Erectors found the mini-crane was much faster assembling the steel because of its close proximity and precision placement.
A Maeda mini-crane came to the rescue of a structure that was beyond the reach of a tower crane. On this addition to the St. David’s Medical Facility in Austin, Texas, the tower crane couldn’t reach the farthest corner of the structure.
It could however, hoist a Maeda MC 285 mini-crane to the roof and stage the steel beams. Erectors found the mini-crane was much faster assembling the steel because of its close proximity and precision placement. The mini-crane operator was able to closely monitor the workers on the beams and communicate directly with them. This advantage also improved the safety of the steel erection.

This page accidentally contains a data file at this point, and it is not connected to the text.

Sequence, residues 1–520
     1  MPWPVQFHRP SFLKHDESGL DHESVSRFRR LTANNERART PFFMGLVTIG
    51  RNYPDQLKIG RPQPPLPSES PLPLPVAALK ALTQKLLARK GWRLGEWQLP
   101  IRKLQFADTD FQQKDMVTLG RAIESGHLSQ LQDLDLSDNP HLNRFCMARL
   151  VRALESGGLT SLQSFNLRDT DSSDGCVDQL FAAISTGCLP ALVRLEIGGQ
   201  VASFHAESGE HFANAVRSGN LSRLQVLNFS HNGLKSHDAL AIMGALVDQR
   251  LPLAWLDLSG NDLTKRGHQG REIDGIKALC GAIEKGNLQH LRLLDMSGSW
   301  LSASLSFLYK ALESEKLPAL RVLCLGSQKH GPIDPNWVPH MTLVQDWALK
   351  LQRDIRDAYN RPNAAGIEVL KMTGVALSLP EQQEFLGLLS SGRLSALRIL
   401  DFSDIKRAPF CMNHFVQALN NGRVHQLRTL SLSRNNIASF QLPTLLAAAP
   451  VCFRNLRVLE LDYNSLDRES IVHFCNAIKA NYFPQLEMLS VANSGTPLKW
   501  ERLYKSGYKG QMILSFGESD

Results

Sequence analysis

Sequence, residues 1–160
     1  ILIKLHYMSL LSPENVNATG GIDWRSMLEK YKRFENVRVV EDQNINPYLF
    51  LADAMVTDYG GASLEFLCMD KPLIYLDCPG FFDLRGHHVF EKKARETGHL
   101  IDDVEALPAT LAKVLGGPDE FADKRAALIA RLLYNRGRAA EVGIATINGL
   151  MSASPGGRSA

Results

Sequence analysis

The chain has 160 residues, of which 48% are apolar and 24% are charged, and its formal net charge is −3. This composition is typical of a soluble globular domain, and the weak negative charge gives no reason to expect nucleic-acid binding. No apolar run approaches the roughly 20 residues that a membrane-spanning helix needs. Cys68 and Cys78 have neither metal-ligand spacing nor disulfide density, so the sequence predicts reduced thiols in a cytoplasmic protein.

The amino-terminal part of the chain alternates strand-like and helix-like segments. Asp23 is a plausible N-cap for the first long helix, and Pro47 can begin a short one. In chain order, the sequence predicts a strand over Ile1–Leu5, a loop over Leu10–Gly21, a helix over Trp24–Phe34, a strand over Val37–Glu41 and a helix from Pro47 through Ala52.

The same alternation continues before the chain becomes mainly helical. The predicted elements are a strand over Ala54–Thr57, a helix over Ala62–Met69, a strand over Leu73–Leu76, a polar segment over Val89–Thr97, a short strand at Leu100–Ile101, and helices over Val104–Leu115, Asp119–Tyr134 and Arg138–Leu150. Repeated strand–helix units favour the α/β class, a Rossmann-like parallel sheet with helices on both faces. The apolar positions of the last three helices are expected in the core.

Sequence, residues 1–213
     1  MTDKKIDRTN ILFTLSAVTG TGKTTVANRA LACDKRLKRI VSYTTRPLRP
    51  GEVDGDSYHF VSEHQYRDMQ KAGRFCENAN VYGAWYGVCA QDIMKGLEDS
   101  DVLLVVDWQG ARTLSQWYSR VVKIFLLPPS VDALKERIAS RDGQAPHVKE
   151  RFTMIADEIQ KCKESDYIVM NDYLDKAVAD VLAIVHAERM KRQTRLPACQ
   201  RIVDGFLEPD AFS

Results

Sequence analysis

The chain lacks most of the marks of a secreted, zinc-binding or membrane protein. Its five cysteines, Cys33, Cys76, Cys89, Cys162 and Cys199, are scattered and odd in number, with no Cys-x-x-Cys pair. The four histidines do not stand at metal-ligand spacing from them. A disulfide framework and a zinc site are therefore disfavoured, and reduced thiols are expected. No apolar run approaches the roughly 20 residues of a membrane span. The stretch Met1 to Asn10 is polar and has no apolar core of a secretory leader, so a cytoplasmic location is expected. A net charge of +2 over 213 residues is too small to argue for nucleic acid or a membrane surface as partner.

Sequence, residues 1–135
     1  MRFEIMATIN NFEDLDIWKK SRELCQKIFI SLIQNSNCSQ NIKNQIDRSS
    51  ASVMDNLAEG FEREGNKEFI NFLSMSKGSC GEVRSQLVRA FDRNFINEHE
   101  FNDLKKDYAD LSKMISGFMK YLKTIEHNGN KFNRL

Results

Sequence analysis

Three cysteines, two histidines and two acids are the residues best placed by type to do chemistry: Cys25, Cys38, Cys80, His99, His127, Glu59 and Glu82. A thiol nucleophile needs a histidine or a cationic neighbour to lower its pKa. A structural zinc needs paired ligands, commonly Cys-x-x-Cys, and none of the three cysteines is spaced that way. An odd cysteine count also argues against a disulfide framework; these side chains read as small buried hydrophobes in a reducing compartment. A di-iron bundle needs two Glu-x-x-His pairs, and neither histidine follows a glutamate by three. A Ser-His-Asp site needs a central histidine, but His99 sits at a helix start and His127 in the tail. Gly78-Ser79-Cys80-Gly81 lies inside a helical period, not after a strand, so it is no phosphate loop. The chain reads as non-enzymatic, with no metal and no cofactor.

The Maeda was a much less expensive alternative than a large mobile crane rental. The crew was able to bolt-up the steel columns and beams in one day on the rooftop corner. The track-mounted MC 285, which was rented from Inman Texas Company in Houston, was easily able to maneuver on the roof with its compact 30-in. (76 cm) width.
This is a trend that is making mini-cranes standard equipment on steel erection projects. As tower crane time becomes more valuable, the precision and safety of a mini-crane is faster and safer.
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